Alignment with cross-functional stakeholders could include developing and documenting a metrics glossary. Think of this as a data dictionary that gives stakeholders a common definition of what you are trying to measure and where the data comes from. For example, who counts as a user or subscriber? What time period will you use to measure engagement?

Although creating a glossary is a lot of work, I have seen companies achieve greater productivity through it.

Because the more time your team spends measuring, the less time they have to achieve business goals. The preliminary work to clean and organize your data and agree on common definitions will pay off in the long term.

Analyze the data and use it to identify possible improvement actions

Track results from quarter to quarter and use the data collected to identify opportunities for improvement and optimize your processes.

You can experiment and test hypotheses on a small scale, and if your tests are successful, you can scale the process change across the entire company.

For example, a recent study found that the use of generative AI could increase the productivity of knowledge workers by up to 35%, especially among entry-level and novice workers.

How you can improve productivity in your company

Some companies are tempted to judge their employees' productivity based on how long they work per week or how busy they appear to be (e.g. how many hours they show up at the office or what events they attend after work).

We saw this as many knowledge workers transitioned to remote work during the COVID-19 pandemic. Managers were no longer able to measure performance based on attendance, and the debate about how to define and measure employee productivity became lively again.

But does it matter how many hours employees work as long as they add value? Is it even possible to work productively for 8 hours a day?

IMHO probably not. Compare a factory worker who makes widgets to a product designer.

If you judge the designer by the number of designs he produces during a working day, but none of those designs are good, then you are wrong. All it takes is one successful design for a company to outperform its competitors.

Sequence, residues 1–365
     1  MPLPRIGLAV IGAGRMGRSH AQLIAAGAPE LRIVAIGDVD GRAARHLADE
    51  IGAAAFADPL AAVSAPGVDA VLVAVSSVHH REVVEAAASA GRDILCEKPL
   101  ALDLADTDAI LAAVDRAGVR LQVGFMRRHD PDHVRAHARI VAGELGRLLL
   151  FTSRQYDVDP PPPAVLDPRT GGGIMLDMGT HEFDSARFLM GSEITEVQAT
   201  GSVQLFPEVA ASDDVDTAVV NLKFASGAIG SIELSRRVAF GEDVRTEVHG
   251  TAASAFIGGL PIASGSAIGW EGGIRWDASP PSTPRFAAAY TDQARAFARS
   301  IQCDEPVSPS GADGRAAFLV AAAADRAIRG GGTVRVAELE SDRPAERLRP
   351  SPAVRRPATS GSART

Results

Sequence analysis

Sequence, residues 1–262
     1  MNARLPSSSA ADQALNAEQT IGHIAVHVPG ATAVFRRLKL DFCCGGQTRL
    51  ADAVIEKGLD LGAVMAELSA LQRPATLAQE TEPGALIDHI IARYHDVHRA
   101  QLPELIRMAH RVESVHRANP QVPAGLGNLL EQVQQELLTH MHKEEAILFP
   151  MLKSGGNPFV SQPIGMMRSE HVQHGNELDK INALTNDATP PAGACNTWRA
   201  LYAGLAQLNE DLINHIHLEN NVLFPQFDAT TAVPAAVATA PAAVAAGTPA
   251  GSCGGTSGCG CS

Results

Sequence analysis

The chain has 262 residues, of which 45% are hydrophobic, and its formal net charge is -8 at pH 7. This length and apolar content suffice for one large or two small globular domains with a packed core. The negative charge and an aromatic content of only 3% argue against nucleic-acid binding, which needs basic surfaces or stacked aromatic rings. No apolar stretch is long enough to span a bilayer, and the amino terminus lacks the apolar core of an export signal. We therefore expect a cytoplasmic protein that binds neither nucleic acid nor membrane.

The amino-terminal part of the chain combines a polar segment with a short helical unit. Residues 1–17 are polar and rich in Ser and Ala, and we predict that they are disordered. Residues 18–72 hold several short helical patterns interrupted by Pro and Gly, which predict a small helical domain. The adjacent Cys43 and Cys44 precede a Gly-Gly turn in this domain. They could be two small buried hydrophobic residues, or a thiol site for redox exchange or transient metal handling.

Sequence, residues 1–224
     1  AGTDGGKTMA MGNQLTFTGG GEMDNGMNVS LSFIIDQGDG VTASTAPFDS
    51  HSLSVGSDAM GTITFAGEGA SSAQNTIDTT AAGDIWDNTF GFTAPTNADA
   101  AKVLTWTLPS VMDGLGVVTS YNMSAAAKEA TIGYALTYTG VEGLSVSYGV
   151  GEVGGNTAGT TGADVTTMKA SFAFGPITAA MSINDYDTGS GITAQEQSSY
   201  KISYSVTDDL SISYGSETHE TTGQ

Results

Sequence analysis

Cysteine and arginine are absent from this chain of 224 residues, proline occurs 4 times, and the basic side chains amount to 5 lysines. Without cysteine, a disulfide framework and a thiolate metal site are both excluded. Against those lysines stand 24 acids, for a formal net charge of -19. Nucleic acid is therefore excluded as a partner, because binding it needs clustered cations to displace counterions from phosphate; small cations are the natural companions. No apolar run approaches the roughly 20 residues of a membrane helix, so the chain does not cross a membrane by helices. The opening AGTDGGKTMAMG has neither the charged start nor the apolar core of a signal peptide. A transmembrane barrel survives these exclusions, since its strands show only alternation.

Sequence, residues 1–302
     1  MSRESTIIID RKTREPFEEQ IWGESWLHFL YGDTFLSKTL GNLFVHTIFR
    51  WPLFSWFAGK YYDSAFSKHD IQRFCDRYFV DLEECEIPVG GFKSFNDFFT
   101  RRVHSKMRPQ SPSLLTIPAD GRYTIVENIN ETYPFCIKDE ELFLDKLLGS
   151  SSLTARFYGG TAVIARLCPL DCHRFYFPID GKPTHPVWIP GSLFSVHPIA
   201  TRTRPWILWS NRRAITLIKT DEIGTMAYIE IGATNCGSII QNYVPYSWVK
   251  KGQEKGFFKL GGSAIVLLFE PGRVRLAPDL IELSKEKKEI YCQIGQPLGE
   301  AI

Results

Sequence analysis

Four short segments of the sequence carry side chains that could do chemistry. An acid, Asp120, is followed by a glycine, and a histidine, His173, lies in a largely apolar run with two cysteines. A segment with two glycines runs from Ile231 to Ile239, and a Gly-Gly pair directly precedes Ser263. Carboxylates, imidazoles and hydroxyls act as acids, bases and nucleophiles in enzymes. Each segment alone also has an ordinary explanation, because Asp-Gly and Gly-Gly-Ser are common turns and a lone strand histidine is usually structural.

But how can you predict how efficiently team members will complete their tasks? What is the difference between a superstar on the team and an average employee?

How do you create a healthy company culture that unleashes superstar potential in your workforce?

Provide clarity, responsibility and accountability

Define clear roles and responsibilities so that it is clear what priorities are set and who is responsible and accountable for what. This includes developing thoughtful job descriptions when hiring new employees, ensuring the hiring process is as fair as possible, and creating career paths for existing positions so employees know what they need to do to perform well and advance within the company. For advice, see The CRA of Leadership.

Show your employees that their work is important

Team members quickly become discouraged when they feel like their work is in vain. However, if they see how their daily tasks contribute to the company's goals, they will be more motivated to perform every day. Setting goals using OKRs is an effective way to achieve this.

Promote employee well-being

It almost goes without saying that ensuring mental and physical well-being through time off, dependent leave, wellness benefits, etc. will help team members reach their full potential and prevent burnout.